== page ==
We then studied how the term has been defined and deployed politically throughout U.S. history, ending with questions about how living in a society saturated with sexually explicit material affects our understanding of freedom. I provided context about feminist intellectual and political projects of the past half-century, including the feminist critique of men’s violence and of mass media’s role in the sexual abuse and exploitation of women in a society based on institutionalized male dominance (that is, patriarchy).

The  release of a video on which Donald Trump made vulgar comments about forcing women into sex and the subsequent accusations by numerous women accusing him of  sexual assault — which he denied — provided a “teachable moment” that I didn’t think should be ignored. I began that particular lecture, a week after the election, by emphasizing that my job was not to tell students how to act in the world but to help them understand the world in which they make choices.

Toward that goal, I pointed out that we have a president-elect who has bragged about being sexually aggressive and treating women like sexual objects, and that several women have testified about behavior that — depending on one’s evaluation of the evidence — could constitute sexual assault. Does it seem fair, I asked the class, to describe him as a sexual predator? No one disagreed.

Trump sometimes responded by contending that Bill Clinton was even worse. Citing someone else’s bad behavior to avoid accountability is a weak defense (most people learn that as children), and of course Trump wasn’t running against Bill, but we can learn from examining the claim.

As president, Bill Clinton abused his authority by having sex with a younger woman who was first an intern and then a junior employee. He settled a sexual harassment lawsuit out of court, and he has been accused of rape. Does it seem fair to describe Bill Clinton as a sexual predator? No one disagreed.

So, we live in a world in which a former president, a Democrat, is seen by many as a sexual predator, yet he continues to be treated as a respected statesman and philanthropist. Our next president, a Republican, was elected though many see him as a sexual predator.  How can we make sense of this? A feminist critique of toxic conceptions of masculinity and men’s sexual exploitation of women in patriarchy seems like a good place to start.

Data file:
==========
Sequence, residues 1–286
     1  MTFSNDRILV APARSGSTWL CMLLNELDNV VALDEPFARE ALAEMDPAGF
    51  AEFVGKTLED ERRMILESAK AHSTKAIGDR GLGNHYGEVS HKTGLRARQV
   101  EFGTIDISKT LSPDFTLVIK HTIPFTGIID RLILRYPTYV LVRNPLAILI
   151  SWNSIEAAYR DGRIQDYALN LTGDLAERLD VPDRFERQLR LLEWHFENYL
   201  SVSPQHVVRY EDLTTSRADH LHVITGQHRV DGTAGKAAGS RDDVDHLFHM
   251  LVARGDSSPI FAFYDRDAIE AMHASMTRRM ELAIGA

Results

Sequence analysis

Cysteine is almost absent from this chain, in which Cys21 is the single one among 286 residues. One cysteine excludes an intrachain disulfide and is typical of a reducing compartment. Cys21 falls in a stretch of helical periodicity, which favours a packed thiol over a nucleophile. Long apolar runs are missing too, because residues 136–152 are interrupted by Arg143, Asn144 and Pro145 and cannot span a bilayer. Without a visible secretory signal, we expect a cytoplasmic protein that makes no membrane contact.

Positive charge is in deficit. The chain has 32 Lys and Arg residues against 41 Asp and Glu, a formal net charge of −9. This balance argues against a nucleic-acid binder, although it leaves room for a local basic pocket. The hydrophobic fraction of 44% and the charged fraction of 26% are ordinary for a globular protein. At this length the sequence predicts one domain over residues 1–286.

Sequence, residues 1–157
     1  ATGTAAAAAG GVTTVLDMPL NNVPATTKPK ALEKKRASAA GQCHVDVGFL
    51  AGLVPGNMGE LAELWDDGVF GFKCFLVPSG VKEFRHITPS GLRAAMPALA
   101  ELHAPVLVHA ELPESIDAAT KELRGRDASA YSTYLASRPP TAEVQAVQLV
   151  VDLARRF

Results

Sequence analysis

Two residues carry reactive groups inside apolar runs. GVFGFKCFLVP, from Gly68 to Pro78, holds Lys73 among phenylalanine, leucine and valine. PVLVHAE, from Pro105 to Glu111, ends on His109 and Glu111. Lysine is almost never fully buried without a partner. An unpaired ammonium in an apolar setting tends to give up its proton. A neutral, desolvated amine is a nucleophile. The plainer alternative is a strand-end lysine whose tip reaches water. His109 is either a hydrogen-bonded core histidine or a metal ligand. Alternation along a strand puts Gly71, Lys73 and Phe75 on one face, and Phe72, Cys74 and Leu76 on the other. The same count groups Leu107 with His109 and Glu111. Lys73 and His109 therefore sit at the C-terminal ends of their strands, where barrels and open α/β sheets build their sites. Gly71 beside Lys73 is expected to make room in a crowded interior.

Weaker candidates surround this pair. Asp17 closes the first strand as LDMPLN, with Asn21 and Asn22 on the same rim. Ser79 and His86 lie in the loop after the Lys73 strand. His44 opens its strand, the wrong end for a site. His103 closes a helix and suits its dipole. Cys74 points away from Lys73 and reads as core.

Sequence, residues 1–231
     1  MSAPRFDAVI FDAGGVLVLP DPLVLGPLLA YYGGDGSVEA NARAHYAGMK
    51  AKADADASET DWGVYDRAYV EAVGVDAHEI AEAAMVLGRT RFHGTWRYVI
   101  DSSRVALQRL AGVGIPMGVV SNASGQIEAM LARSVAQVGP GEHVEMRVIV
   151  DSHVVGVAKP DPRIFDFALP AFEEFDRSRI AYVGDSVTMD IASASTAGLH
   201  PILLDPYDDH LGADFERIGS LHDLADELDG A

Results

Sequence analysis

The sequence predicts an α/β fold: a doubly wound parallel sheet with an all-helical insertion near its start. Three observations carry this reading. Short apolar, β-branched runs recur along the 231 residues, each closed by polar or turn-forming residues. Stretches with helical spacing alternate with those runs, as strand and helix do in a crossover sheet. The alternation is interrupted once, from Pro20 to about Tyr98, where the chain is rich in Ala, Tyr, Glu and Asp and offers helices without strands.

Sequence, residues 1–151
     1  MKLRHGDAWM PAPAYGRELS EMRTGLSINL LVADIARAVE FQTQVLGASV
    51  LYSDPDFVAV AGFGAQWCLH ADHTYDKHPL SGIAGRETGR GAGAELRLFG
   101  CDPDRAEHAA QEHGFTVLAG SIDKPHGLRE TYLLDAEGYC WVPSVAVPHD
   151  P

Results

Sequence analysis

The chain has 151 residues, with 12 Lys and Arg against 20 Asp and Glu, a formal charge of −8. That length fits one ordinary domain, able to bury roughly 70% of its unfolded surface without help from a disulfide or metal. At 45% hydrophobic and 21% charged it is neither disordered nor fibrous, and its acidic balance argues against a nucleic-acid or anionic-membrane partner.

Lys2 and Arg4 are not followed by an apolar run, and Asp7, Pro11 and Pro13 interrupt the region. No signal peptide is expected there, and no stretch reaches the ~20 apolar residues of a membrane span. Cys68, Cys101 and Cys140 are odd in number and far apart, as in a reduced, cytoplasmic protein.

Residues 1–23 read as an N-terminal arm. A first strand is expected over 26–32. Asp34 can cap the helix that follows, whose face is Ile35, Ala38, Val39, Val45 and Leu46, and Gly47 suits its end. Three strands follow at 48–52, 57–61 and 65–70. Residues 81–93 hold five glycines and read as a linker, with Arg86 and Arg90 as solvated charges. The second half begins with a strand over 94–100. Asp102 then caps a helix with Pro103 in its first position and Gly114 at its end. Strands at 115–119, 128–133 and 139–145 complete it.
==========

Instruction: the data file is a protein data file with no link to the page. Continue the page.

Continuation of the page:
In that class, I spent considerable time reminding students that I didn’t expect them all to come to the same conclusions but that they all should consider relevant arguments in forming judgments. I repeated often my favorite phrase in teaching: “Reasonable people can disagree.” Student reactions to this unit of the class varied, but no one suggested that the feminist critique offered nothing of value in understanding our society.

Is presenting a feminist framework to analyze a violent and pornographic culture politicizing the classroom, as the watchlist implies? If that’s the case, then the decision not to present a feminist framework also politicizes the classroom, in a different direction. The question isn’t whether professors will make such choices — that’s inevitable, given the nature of university teaching — but how we defend our intellectual work (with evidence and reasoned argument, I hope) and how we present the material to students (encouraging critical reflection).

It would be easier to dismiss this rather silly project if the United States had not just elected a president who shouts over attempts at rational discourse and reactionary majorities in both houses of Congress. I’m a tenured full professor (and white, male, and a U.S. citizen by birth) and am not worried. But, even though the group behind the watchlist has no formal power over me or my university, the attempt at bullying professors — no matter how weakly supported — may well inhibit professors without my security and privilege.

If the folks who compiled the watchlist had presented any evidence that I was teaching irresponsibly, I would take the challenge seriously. At least in my case, the watchlist didn’t. But rather than assign a failing grade, I’ll be charitable and give the project an incomplete, with an opportunity to turn in better work in the future.